Lagos Records Over 70% Of Nigeria’s Vehicular Traffic
Lagos State records more than 70 per cent of Nigeria’s vehicular traffic, in spite of its small landmass. The Federal Controller of Works in the state, Mr Adedamola Kuti, made the observation in an interview with newsmen in Lagos on Sunday.
Kuti said that the traffic situation was a major challenge to road rehabilitation in the state, Nigeria’s commercial centre. He called on the motoring public to cooperate with contractors handling road projects to enable timely completion of the projects.
“There is no alternative to having a motorable road; we realise that many times it is the road we want to fix that motorists have to pass through.
“Managing traffic to allow road rehabilitation is a problem for us; we appeal to the public to realise that there is no gain without pain.
“We appeal to motorists in Lagos to cooperate with us and with traffic management agencies during road rehabilitation.
“If vehicles are diverted to another route during road rehabilitation; we urge motorists to please cooperate; it may be inconvenient but the situation will not be forever,” he said.
Their controller said that It was essential to make roads better for the citizens. He urged media organisations to help to educate the public on the need for the cooperation, saying that the Federal Government prioritised infrastructure development and needed public support.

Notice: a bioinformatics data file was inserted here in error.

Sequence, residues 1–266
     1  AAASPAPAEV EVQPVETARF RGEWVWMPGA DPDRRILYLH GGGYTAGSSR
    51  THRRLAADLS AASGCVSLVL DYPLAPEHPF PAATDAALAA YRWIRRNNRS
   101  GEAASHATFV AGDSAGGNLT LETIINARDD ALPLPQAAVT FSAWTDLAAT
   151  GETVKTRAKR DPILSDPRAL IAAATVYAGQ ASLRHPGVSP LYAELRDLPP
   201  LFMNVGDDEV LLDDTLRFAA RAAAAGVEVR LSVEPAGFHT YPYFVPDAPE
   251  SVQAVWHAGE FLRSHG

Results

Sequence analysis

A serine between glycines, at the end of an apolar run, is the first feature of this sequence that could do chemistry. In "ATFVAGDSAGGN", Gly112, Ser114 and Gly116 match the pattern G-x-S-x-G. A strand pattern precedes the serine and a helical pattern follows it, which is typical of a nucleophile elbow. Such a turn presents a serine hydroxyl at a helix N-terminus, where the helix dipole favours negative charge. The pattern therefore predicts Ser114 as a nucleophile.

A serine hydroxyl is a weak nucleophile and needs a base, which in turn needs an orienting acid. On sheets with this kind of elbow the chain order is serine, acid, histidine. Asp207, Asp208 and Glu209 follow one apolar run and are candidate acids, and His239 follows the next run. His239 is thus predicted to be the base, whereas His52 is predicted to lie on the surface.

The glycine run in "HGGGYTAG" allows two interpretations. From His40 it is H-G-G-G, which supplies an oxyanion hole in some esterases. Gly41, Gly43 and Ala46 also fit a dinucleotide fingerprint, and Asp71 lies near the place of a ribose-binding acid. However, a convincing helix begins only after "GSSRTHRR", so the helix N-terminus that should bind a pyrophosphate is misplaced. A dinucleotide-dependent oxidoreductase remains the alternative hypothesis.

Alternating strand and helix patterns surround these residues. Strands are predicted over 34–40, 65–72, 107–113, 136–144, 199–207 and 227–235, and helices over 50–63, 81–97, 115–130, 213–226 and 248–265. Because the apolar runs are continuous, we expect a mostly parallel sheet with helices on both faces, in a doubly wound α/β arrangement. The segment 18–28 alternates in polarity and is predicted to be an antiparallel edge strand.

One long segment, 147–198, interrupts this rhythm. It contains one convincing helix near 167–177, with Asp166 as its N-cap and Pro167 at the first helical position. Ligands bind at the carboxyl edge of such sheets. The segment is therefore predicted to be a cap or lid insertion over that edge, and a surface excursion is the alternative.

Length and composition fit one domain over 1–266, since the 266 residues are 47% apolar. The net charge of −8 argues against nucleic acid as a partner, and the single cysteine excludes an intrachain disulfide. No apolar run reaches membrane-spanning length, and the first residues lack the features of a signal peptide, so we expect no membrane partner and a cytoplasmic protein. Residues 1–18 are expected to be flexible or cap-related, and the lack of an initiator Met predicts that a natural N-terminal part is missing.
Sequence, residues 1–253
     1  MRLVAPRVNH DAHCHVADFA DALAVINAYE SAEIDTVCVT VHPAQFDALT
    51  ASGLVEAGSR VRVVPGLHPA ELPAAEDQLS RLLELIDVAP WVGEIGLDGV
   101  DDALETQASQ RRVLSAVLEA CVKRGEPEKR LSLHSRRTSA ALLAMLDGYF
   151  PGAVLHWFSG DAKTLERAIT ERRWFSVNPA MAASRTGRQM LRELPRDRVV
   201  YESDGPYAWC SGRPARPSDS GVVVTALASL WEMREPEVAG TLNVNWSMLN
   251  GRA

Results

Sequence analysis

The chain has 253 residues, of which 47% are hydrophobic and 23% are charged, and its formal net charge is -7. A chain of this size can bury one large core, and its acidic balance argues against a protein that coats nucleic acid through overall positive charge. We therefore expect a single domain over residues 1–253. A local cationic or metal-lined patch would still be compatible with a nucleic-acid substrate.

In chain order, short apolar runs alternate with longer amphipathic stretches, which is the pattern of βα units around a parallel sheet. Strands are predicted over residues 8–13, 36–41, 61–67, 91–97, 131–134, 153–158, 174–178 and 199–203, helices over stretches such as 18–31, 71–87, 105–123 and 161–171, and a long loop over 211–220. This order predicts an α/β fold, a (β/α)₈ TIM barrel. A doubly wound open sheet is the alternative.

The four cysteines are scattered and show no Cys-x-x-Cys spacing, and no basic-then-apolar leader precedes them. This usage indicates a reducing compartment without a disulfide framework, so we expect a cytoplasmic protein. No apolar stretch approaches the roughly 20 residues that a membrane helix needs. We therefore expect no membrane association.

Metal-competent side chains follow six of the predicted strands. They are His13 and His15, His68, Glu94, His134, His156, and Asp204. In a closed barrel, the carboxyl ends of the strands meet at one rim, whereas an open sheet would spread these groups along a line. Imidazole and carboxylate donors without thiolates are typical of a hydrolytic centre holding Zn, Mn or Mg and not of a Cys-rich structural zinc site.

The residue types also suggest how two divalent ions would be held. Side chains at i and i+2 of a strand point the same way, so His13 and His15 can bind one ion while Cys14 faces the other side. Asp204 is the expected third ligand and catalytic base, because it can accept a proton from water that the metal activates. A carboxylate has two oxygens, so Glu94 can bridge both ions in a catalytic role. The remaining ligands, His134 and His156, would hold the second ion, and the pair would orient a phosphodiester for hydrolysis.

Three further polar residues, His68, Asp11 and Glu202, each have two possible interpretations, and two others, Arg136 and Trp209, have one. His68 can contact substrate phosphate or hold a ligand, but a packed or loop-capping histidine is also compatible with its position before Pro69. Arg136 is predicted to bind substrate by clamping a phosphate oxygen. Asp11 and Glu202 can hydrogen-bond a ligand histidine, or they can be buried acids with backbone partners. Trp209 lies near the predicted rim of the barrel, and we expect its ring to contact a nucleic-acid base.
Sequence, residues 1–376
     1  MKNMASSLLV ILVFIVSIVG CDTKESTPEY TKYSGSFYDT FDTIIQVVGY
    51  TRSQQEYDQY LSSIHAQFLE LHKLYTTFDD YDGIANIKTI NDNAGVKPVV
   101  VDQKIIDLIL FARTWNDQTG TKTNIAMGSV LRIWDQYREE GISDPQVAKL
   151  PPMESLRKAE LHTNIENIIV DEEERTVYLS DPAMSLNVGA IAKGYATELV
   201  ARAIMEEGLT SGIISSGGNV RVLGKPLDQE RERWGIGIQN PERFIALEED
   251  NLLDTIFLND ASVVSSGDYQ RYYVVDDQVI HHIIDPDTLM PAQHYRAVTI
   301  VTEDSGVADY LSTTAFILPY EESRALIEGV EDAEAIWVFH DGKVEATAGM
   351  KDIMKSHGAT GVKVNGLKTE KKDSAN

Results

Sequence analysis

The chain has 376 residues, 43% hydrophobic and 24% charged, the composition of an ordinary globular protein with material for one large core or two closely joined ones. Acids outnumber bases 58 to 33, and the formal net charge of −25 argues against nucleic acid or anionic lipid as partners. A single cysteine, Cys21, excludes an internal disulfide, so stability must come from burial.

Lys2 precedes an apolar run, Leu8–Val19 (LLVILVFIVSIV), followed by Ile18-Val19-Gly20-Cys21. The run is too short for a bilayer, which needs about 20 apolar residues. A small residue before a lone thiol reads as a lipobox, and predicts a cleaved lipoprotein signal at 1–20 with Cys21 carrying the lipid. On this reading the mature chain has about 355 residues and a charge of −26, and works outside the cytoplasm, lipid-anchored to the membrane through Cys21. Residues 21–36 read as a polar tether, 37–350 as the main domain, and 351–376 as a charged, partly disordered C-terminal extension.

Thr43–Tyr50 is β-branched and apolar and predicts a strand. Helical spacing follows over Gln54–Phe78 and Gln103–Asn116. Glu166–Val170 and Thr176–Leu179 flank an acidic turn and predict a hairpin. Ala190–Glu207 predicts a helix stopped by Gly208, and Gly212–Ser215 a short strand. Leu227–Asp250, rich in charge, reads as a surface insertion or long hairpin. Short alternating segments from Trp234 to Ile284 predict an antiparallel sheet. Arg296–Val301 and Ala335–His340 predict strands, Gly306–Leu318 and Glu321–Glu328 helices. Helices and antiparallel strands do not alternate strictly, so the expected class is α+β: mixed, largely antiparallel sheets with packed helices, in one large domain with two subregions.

“Where we need to work at night, we have been doing that. For example, the entire surfacing of the Third Mainland Bridge was done at night.
`’The work we did at Outer Marina was done throughout the night, even the Dorman Long at Ojuelegba was done at night,’’ he said. The controller said that the Federal Ministry of Works, Housing and Power had zero tolerance for illegal occupation of bridges.
“We are not going to tolerate any form of business under bridges. Infrastructure must be protected; therefore, illegal businesses there must go.
“The public is not allowed to sell petroleum products under the bridges.
“These are not what we should allow, and we will keep reporting to the appropriate authorities to see how we can dislodge these illegal occupants.
“Illegal activities undermine the strength of our bridges,” he said.
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